Funding failure only way to impact inner-city problems

Current funding models for social agencies aren’t reaching the kids who need help

WINNIPEG, MB, Jan 12, 2014/ Troy Media/ – We have to start funding failure in Winnipeg’s core area.

Because if we only support success, the problems which plague our inner-city just get bigger.

I first came to this conclusion in 1972 when I worked at Youth Action Project or “YAP”, which was a drop-in centre for inner city children and youth. Kids would drop in and play floor hockey or sew beads together while we tried to pass on positive values (stay in school, love your mom) and provided an alternative to negative activities (sniffing, stealing cars) which were increasing in alarming numbers out on the streets.

We weren’t reaching some kids so our Board of Directors decided to hire a couple of local staff to go out and spread the word.

At first, these “outreach workers” were successful and we enjoyed the company of substantially greater numbers of area youth every evening. But we also had to start breaking up more fist fights and we began to notice things missing (pretty much anything that wasn’t nailed down) Then one morning our daytime staff discovered that our office had been broken into overnight and our petty cash box was empty. So we started checking for “stowaways” before we closed down for the night.

“Hmm! These new drop in kids seem to be rather nasty little buggers!”

Pretty soon our outreach workers started spending more time helping out in the office and gym. The number of newcomers to the drop-in centre began to drop but nobody told the outreach workers to get back out there and do the job they were supposed to do.

It looked like the negative activities we were experiencing were too much to handle and somebody had decided to go back to playing it safe. But would it not be in more keeping with our efforts to turn kids’ lives around to simply increase our supervision and lay down some stricter rules and “tough love”?

Unfortunately, there was another factor at play. One of the conditions of YAP’s funding was to monitor our progress with each kid, sort of a “case file” and we found that the new kids were the type who got into more trouble and they began to turn the high “success rate” we had been achieving into disturbing rates of failure. It is harder to get funding when you are failing.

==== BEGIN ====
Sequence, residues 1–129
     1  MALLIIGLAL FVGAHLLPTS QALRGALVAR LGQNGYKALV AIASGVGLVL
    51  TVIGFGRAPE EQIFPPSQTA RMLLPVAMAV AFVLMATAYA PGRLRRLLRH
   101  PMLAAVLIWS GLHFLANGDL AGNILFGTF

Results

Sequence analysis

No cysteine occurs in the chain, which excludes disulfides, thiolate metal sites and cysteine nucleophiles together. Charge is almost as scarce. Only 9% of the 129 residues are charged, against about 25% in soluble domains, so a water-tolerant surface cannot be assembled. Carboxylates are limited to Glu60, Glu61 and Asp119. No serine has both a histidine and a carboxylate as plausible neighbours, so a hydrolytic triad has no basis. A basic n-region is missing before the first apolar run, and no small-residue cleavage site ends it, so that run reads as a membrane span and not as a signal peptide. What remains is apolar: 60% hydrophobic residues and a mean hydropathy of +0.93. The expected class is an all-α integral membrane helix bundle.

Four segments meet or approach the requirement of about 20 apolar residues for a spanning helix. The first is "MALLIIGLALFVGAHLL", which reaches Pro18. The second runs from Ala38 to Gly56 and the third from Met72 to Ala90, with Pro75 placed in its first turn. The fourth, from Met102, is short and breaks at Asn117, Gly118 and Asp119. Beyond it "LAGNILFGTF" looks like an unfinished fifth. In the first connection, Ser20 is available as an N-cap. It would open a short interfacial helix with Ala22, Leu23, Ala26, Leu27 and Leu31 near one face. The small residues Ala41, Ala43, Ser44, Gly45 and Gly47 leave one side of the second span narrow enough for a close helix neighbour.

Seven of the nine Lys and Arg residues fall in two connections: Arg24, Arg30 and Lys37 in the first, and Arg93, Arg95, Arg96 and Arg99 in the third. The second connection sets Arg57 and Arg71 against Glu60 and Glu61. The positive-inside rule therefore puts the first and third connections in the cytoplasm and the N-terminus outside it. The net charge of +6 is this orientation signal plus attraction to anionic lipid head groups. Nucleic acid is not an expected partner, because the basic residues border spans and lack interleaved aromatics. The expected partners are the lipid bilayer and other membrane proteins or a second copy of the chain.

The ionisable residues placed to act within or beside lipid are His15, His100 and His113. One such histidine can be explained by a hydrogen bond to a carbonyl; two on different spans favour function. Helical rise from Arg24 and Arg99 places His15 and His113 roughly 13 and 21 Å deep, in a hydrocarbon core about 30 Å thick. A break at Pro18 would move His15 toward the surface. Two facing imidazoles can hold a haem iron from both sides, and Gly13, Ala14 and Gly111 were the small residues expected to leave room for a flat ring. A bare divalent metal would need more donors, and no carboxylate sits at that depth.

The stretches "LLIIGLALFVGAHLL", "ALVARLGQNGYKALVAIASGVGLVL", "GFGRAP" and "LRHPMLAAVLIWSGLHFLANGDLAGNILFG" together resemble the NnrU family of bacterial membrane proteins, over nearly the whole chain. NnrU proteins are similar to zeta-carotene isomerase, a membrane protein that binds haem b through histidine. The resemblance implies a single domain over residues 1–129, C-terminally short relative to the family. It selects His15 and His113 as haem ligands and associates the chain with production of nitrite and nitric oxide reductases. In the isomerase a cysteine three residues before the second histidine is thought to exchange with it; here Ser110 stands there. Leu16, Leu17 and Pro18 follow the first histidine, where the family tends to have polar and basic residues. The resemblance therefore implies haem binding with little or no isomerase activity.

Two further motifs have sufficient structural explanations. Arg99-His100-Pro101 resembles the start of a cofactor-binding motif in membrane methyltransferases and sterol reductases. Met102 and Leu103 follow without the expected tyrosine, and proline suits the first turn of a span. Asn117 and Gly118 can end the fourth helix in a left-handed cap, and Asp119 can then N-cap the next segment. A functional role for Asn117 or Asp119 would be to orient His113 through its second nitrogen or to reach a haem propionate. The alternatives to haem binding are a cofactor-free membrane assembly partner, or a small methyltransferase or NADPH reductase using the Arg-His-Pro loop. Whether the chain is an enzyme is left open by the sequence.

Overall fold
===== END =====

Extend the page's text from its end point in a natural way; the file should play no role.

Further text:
Before long, the drop-in centre basically went back to the way it used to be.

And the problems out on the streets got bigger and bigger.

So the status quo was maintained. Kids who probably would have turned out pretty much okay on their own got some positive reinforcement by coming to the drop-in centre and the kids who remained outside were pretty much on their own. Except I noticed there were a few kids who “came in from the cold”, found some warmth inside our gym and the hearts and minds of our staff, and found their way out of the Manitoba Youth Centre and into the Winnipeg Adult Education Centre. Maybe one in 10.

Forty years have passed and some decent citizens and outstanding leaders have come out of the drop-in centre. We have also witnessed increased membership in a proliferation of so-called street gangs. When you consider the cost of each individual who comes into conflict with our criminal justice system (police, prosecutors, defence lawyers, judges, jails, probation and parole officers, halfway houses, counselling and rehabilitation/recidivism) perhaps we shouldn’t have tied our funding to success rates and not considered keeping one out of 10 kids out of trouble a failure. You need to reach the kids who most need the help and to heck with the stats.

While we support social service organizations for their success helping families and youth in our inner city make positive changes, we have to allow them more room to take risks and fail. We have to accept that maybe most of the people who cause most of the trouble cannot be reached but we can’t be stopped short of trying. And while 90 per cent of them continue to raise havoc until we lock them away, we keep building on that 10 per cent we find success with and stop thinking in terms of failure rates so much.

Our priority has to be to find a way to reach these people who remain “outside the box” and bring them in.

Troy Media’s Eye on Manitoba columnist Don Marks is a Winnipeg-based writer.

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